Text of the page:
What is a Flexible Sigmoidoscopy?

Flexible sigmoidoscopy, sometimes shortened to flex sig, allows the physician to examine the inside of the large intestine from the rectum through the last part of the colon, called the sigmoid or descending colon. The colon is five to six feet long. Flexible sigmoidoscopy examines the last one to two feet of the colon.

Why Do I Need a Flex Sig?

Physicians may use this procedure to find the cause of diarrhea, abdominal pain, or constipation. They also use it to look for early signs of cancer in the descending colon and rectum. With flexible sigmoidoscopy, the physician can see bleeding, inflammation, abnormal growths, and ulcers in the descending colon and rectum. 

Flexible sigmoidoscopy is not sufficient to detect polyps or cancer in the ascending or transverse colon (two-thirds of the colon).

What Are the Benefits of a Flex Sig?

It may allow the physician to make a diagnosis or correct problems during the gastroenterology procedure. Polyps or tumors in the lower portion of the colon can be discovered at an early stage. Conditions such as colitis or diverticulosis may be monitored, and treatment adjusted accordingly.

Is There an Alternative to a Flex Sig?

Yes. Alternative testing includes barium enema X-rays. 

A barium enema does not allow the physician to directly look at the lower colon. In addition, polyps cannot be removed nor biopsies taken during a barium enema.

Are There Side Effects and/or Risks to a Flex Sig?

No test is 100% accurate. Flexible sigmoidoscopy may miss abnormalities that are present because the test only examines the final portion of the colon.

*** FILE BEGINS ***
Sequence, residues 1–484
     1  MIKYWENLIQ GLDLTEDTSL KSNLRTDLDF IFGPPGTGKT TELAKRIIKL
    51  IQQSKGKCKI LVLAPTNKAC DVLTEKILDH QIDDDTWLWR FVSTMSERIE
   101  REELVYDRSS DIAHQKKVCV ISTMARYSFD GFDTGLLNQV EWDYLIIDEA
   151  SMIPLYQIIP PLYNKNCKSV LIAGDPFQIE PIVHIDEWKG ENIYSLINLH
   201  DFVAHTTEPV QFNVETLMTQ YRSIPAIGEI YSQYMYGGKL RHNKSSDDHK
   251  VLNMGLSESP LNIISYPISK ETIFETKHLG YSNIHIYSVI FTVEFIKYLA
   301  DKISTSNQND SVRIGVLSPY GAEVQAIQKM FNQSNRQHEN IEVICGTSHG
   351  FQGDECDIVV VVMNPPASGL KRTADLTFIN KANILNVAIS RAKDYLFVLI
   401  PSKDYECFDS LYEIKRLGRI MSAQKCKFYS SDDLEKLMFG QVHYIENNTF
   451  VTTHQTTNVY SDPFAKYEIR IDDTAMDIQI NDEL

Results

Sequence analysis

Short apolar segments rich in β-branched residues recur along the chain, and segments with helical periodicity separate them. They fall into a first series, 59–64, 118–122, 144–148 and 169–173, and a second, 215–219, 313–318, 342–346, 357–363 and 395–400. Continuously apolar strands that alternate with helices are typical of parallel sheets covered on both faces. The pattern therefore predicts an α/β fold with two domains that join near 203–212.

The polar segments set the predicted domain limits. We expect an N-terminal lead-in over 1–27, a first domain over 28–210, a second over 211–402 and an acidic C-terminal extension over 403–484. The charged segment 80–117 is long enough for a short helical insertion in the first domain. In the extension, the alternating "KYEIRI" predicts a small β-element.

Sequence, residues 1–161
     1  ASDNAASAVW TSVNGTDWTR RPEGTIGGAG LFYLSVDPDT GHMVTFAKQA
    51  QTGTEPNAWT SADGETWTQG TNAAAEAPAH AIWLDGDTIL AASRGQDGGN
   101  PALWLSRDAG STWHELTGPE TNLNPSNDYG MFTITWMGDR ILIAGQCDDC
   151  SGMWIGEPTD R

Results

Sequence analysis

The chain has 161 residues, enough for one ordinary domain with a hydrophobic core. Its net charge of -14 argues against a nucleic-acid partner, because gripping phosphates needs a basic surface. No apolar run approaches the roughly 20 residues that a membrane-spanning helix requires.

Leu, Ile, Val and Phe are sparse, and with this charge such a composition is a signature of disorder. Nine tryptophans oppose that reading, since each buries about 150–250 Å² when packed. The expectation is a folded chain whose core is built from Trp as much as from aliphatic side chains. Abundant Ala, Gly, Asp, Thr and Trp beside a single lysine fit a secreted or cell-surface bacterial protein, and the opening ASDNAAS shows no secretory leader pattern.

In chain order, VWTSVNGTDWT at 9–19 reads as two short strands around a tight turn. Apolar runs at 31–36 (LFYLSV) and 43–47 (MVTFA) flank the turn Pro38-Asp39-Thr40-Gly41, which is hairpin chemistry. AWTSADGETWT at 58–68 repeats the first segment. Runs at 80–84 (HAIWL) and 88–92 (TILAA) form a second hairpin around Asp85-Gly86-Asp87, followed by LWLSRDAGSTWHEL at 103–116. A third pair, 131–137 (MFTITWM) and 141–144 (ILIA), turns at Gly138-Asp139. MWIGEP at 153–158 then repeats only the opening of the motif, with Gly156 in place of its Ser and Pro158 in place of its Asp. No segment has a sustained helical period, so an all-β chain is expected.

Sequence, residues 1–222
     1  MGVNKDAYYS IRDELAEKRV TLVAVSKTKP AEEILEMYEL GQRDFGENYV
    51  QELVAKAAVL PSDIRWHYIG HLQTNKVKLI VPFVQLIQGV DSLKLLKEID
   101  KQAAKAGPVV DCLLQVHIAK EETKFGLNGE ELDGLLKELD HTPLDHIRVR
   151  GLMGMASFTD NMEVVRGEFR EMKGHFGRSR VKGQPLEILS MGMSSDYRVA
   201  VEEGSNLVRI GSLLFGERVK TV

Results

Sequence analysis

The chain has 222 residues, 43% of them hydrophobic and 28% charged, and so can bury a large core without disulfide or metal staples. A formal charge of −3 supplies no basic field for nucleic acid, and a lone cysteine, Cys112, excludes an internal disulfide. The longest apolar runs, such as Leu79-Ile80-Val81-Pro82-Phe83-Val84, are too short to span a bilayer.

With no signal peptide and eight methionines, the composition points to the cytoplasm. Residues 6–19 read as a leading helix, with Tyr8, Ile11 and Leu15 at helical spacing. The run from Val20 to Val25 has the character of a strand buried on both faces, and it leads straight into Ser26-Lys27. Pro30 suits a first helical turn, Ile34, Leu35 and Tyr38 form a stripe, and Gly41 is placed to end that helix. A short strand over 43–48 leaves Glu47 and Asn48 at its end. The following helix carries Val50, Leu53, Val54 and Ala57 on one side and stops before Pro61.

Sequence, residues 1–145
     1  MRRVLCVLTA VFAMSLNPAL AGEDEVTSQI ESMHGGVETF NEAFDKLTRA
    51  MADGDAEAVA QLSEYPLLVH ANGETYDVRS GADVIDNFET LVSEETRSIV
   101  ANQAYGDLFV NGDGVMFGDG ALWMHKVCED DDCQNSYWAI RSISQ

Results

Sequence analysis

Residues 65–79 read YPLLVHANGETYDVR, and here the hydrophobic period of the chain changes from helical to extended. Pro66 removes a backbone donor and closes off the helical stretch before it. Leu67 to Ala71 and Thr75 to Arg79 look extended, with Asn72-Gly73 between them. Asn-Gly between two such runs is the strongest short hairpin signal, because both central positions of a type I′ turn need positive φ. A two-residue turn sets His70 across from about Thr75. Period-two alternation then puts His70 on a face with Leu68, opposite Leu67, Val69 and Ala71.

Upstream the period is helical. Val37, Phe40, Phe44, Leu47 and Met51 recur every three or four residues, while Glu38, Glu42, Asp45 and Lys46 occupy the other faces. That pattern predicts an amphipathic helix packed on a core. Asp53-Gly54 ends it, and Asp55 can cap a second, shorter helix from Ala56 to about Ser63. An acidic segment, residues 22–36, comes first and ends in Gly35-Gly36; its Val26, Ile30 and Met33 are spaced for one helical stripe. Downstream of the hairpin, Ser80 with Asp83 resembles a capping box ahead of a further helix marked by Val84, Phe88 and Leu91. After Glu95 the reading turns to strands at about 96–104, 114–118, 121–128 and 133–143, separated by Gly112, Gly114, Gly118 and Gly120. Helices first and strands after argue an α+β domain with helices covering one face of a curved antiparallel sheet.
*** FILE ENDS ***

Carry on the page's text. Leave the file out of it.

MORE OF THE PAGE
• Abnormalities higher in the colon cannot be detected by this test.
  • Temporary bloating is common. 
  • If biopsies are done or if a polyp is removed, there may be bleeding. Bleeding is generally minimal and rarely serious. 
  • Other less frequent complications may include a tear in the wall of the colon which may require surgery.

What Will Happen When I Arrive for My Flex Sig?

  • A brief medical history will be reviewed with you by a nurse.
  • You will provide a list of any current medications you are taking along with any allergies you have to medications.
  • You will be asked to remove your clothing and change into a patient gown.
  • The flexible sigmoidoscopy procedure is most often performed without sedation. However, if your physician has determined that you should receive sedation medication during your procedure, you must have someone to drive you home, or the procedure will not be performed.

What Will Happen During My Flex Sig?

  • The flexible sigmoidoscopy examines only the final portion of the colon. It is generally not painful and usually requires no sedation. If your doctor has chosen sedation for your procedure, an intravenous (IV) catheter will be placed into your arm so that medications can be given for sedation. Most of the effects of the sedation persist for 15-60 minutes, and you may not be able to recall the procedure afterwards.
  • Flexible sigmoidoscopy takes 10 to 20 minutes. For the procedure, you will lie on your left side on the examining table. 
  • The physician will insert a short, flexible, lighted tube into your rectum and slowly guide it into your colon. The tube is called a colonoscope. 
  • The scope transmits an image of the inside of the rectum and colon so the physician can carefully examine the lining of these organs.
  •  The scope also blows air into these organs which inflates them and helps the physician see.
  • During the procedure, you might feel pressure and slight cramping in your lower abdomen. You will feel better afterward when the air leaves your colon.
  • If anything unusual like a polyp or inflamed tissue is identified in your rectum or colon, the physician can remove a piece of it using instruments inserted into the scope. 
  • The physician will send that piece of tissue (biopsy) to the lab for testing.

What Will Happen After My Flex Sig?

  • In most cases, sedation during flex sig is not required, and you will be able to leave as soon as the procedure is over and the physician discusses the results with you. If you receive sedation, you will remain in the recovery area for one-half to one hour after the procedure, depending on your vital signs and level of consciousness.
  • You may feel bloated from the air used during the procedure. 
  • Following the exam, your physician will discuss the results with you and your loved ones.

How Do I Prepare for My Flex Sig?

Please follow the link below to view the preparations for your Flexible Sigmoidoscopy: